The very title of this blog entry contains the name of two of my heroes and a baseball team that for years has tried the patience of many and disappointed more than a few. Ben Zobrist is my favorite baseball player in the major leagues for a myriad of reasons. I was broken-hearted when the Rays traded him, even more so when it was to the Oakland Athletics. Last week I delighted in seeing Ben shining once again on the diamond like a diamond. From midseason with the Kansas City Royals, Ben proved his staying power and then hit the home run in the final game with the Blue Jays his first time at bat, often coming through in the clutch. Throughout the playoffs, Ben Zobrist was the consummate utility player, capable of playing at almost any position on the field, save catcher, and doing it well. He has always been and remains a player for all fans.
He and his wife are deeply devoted and committed Christians. They believe in God, live each day by God’s law and embrace the person of Jesus Christ as their savior. They make no bones about their Christian faith but they never boast or brag about it. Rather they live it. While among us here in Tampa, Ben visited the classrooms of children in what we now refer to as ” failing schools”, giving them encouragement and hope. He could be seen from time to time at All Children’s’ Hospital spreading his message of mercy, hope and happiness. His priorities were always in this order, his faith, his family and baseball. Now he is off to the Big Show, baseball’s equivalent of the Catholic Church’s just now completed Synod on the Family. Read the book written by he and his wife, Julianna, (Doubleplay) and you will immediately notice the comparisons. The Zobrists live a family life lived with an abundance of mercy and forgiveness.
He reminds me in some ways of Pope Francis who had the courage to call these last two synod meetings to discuss both the family and family life in our day. This Pope understands the challenges of living in the real world and the necessity of the Church moving to understand, embrace and support those most in need of our presence and help, precisely as Church. Six weeks of his time in the past thirteen months have been spent listening to bishops from around the world describe the challenges of marriage and the family, from Africa to Asia to the Americas and all points in between. He listened, spoke only rarely but when needed forcefully, and I believe the Pope received from the assembled exactly what he wanted: namely enough room to take on some of the more challenging aspects of marriage and family life in our day in the months ahead. He did not ask for, want and probably would not have countenanced doctrinal change. Rather, he asked those present to hang out the dirty laundry of living marriage in this age and increasingly secular society and instead of condemning it, give him room to apply his two fold commitments to the applications of mercy and forgiveness.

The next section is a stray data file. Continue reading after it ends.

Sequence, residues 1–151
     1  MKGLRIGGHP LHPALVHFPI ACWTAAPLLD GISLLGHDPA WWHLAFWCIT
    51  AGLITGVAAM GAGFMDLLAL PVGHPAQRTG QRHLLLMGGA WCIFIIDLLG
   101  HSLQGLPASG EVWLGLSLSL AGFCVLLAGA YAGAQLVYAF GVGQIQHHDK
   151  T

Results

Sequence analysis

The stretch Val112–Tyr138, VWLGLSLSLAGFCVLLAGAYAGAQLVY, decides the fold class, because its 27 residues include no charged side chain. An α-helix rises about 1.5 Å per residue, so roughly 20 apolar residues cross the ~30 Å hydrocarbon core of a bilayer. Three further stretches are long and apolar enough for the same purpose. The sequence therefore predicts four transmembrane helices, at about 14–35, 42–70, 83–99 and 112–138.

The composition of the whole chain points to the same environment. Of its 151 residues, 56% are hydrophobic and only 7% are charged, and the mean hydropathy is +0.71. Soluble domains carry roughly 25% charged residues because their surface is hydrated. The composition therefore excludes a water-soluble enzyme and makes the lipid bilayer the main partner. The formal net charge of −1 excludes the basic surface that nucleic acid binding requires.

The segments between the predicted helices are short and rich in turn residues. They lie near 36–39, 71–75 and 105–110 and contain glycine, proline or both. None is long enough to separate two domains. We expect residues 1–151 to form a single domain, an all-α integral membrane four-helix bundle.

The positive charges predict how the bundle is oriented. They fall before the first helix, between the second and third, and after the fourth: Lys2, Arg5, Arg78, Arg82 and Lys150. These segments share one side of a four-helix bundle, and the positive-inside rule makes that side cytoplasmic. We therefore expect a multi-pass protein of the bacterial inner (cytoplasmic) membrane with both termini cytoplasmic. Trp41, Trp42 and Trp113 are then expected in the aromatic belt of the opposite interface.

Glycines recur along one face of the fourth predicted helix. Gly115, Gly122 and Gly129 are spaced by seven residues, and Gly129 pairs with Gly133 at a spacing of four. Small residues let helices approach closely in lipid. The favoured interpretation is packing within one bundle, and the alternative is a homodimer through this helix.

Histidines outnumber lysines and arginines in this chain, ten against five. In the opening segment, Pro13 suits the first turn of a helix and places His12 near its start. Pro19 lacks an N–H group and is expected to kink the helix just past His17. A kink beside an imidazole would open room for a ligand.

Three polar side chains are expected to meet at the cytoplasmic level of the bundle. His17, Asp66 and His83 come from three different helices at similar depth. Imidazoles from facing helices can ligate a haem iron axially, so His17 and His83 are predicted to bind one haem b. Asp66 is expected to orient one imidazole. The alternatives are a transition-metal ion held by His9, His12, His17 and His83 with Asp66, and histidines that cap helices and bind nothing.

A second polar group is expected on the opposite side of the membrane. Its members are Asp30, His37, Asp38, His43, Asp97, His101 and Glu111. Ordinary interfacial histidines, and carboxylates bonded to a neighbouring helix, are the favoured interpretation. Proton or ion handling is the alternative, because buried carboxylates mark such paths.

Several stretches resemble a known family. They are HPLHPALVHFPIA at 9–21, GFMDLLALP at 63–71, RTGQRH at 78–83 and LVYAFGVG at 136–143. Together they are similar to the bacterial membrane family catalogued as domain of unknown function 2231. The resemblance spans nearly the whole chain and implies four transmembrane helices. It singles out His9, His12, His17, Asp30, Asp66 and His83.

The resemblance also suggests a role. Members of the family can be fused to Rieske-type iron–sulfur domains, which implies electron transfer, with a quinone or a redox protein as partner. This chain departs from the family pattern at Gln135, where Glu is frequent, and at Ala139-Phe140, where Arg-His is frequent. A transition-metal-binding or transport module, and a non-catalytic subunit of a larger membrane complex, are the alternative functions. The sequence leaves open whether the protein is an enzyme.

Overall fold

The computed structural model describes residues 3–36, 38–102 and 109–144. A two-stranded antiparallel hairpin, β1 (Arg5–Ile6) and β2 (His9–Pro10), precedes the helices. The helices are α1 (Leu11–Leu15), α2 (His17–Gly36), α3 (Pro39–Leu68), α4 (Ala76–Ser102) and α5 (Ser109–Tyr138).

I wasn’t there and most of the world’s bishops were not there either. No one who was there from the United States, nor did our national episcopal conference, ask for my guidance or that of the body of bishops as to how we felt about the problems and their possible solutions, but the Holy Father did in 2013. Yet I believe the innermost longings of my heart for my Church were spoken and heard. I have been on a three-week high just because that reality was finally being discussed and dissected. Who could ask for anything more?
Pope Francis is a utility infielder capable of playing any position which will help his church race across the three pastoral bases: mercy, forgiveness, healing which will ultimately end in a home run for God’s people. And the Church today, Sunday, October 25, 2016 is like the New York Mets. Good things do come to those who patiently watch, wait, renew, rebuild, change managers, and eventually make it to the previously unthought-of – in baseball, the World Series, and in ecclesiology adapting to the present without forsaking the past.
Here are some take-home words from our manager as he sent his team home this morning, leaving to himself how to take advantage of all the possibilities and openings the Synod has given him:
This is the temptation: a “spirituality of illusion:” we can walk through the deserts of humanity without seeing what is really there; instead we see what we want to see. We are capable of developing views of the world, but we do not accept what the Lord places before our eyes. A faith that does not know how to root itself in the life of the people remains arid and, rather and oases, creates other deserts.
Moments of suffering and conflict are for God occasions of mercy. Today is a time of mercy!
Pope Francis is an incredible leader. He has the serenity of a man who does not worry about petty bickering but places great trust in the presence of the Spirit in all people, friend or foe. He got precisely what he wanted from these two gatherings – an opening to further his and our ministry of mercy, which is I believe, precisely what Jesus would want of his Church. I am in charge of the triage unit in these five counties and together with our priests, deacons, religious and laity, we shall step up our desire to stop the bleeding, heal the hurting, and show all that the Church is like the Mets, rising to the national championship of kindness, compassion, forgiveness and mercy. It is what the “emergency room” doctor, Pope Francis, asks of us at the end of the listening.
We are a family, sometimes dysfunctional but also desirous of welcoming more and more back, or for the first time to the family table of the Eucharist. The Synod was merely grace before meals for the Church family. Bless us O Lord for these your gifts, which we have received through your goodness and through Christ, our Lord.